Discover more from The Liberal Patriot
TL(PM) DIGEST: Hitting pause on interest rate hikes— at least for now
Plus Japanese cars remain the one thing Americans still believe in, Biden's team averts a West Coast port strike, and declining global fertility rates
1. Fed pauses interest rate hikes, but the EU keeps on going
What happened? The Federal Reserve refrained from raising interest rates yesterday, but Federal Reserve Chair Jerome Powell strongly hinted that America’s central bank would resume rate hikes in July. Meanwhile, the European Central Bank raised the eurozone’s interest rates and signaled more hikes to come.
Why does it matter? Better-than-expected economic data in the United States—strong job growth and slowing inflation—likely influenced the Fed’s decision to pause interest rate increases, with Powell saying “the conditions we need to see in place to get inflation down are coming into place.” Europe faces higher inflation than the United States (6.1 percent versus four percent annual rates in May 2023), leading the ECB to keep raising interest rates even as disinflation continues in the eurozone as well.
TLP’s take: America and Europe are still emerging from the disruptions of the COVID-19 pandemic, with Europe facing the added hurdles of the economic disruptions caused by Russia’s war against Ukraine. Given the economic data at hand, it makes sense for the Fed to temporarily pause its own rate hikes—and for the ECB to keep going even as the eurozone slid into recession.
2. Only thing you can trust these days: “the reliability of Japanese cars”
What happened? The New York Times convened a focus group of independent, Democratic, and Republican voters to discuss issues of interpersonal trust and trust in major institutions in America.
Why does it matter? Although focus groups don’t qualify as objective measures of public opinion, they do provide interesting insights into how Americans think about matters. On issues of trust, it’s clear to these participants that something undefined has gone wrong in our society in recent years, with people mentioning rising crime and mass shootings, excessive phone and social media use, extremist politics, and the inability of those in power to come together to do things for the good of the country.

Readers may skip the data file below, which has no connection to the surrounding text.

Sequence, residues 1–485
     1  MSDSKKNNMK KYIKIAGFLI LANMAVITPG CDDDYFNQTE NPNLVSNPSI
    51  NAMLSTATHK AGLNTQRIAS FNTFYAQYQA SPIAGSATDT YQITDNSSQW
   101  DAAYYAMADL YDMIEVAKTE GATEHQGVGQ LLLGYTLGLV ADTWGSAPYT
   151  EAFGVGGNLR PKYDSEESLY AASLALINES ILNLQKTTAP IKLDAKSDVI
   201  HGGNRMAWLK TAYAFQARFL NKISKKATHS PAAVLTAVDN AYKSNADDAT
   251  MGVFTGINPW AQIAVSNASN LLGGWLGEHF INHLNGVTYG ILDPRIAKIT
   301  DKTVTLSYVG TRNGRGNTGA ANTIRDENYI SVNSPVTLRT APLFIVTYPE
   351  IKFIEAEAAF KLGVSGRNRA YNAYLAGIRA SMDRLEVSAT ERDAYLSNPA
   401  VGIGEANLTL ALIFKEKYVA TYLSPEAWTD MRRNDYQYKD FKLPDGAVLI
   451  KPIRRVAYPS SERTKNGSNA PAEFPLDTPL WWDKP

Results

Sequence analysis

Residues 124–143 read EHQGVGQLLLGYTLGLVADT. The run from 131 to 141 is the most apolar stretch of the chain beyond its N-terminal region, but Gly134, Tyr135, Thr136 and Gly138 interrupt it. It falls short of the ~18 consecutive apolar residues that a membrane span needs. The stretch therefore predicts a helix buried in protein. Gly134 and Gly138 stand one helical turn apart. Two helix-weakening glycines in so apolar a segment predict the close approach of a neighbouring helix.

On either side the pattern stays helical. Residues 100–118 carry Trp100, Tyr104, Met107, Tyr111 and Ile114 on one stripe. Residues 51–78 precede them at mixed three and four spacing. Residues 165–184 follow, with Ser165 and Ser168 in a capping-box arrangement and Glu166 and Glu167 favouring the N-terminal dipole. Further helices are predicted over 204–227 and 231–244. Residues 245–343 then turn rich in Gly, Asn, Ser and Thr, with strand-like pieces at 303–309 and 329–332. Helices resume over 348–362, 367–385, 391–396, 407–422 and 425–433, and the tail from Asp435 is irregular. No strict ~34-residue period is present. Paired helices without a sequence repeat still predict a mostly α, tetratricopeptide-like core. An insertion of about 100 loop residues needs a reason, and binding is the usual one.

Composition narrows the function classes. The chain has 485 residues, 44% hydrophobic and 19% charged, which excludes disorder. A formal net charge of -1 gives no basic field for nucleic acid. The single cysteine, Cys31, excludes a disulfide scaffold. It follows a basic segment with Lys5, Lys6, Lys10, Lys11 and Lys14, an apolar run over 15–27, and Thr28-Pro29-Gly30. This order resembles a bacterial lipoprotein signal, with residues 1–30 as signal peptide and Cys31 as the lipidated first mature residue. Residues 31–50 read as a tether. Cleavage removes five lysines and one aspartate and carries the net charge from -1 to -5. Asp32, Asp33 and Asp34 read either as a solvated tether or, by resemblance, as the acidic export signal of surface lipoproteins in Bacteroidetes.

TLP’s take: It’s important to listen to voters’ concerns about their country. This focus group and the reams of public data show declining interpersonal trust and trust in government, the media, Congress, and other leading institutions, and there’s no easy or obvious fix at hand. Individuals themselves can start by doing a better job of being honest and trustworthy themselves—and our government and political leaders ought to do the same.
3. Biden administration brokers a deal to avert a West Coast port strike
What happened? A deal between longshoremen and West Coast port operates brokered by acting Labor Secretary Julie Su appears to have averted the threat of a port strike that could have snarled supply chains and cost the U.S. economy $1 billion a day. “The tentative, six-year contract agreement reached on Wednesday covers 22,000 workers and 29 west coast ports,” the Financial Times reports.
Why does it matter? A strike at America’s West Coast ports would have undermined efforts by the Biden administration and Federal Reserve to fight inflation and untangle supply chains still affected by pandemic-era disruptions. Resolving this labor dispute removes one more potential hurdle to America’s ongoing economic recovery.
TLP’s take: Kudos to the Biden administration for brokering this deal and averting a potentially costly strike. It’s hard to take credit for preventing bad outcomes, but the administration deserves it here.
4. A looming global population bust?
What happened? The Economist reports on global birth rate data finding that the “world’s largest 15 economies all have fertility rates below the replacement rate.”
Why does it matter? By 2021, according to United Nations data, 124 countries around the world had fertility rates below replacement—2.1 births per woman—up from 98 in 2010. With national populations aging rapidly across much of the world, the availability of younger workers to replace older ones who are now living longer in many places will place huge burdens on national budgets and retirement and health care programs.
TLP’s take: Governments cannot and should not force their citizens to have more children. But they can do things to make having a family less of a luxury or burden and more of a joy and important responsibility with direct family support and affordable child care options, subsidized higher education, the building of more affordable housing and transportation, crime reduction, and increased quality of life in more places.
Just one more thing…
Data from NASA’s Cassini probe indicates that the oceans of Saturn’s moon Enceladus appear to contain phosphorus—a key chemical building block for life as we know it. A proposed “orbilander” mission to Enceladus ranked third in NASA’s most recent planetary exploration priorities survey, after a Uranus orbiter and a Mars sample return mission.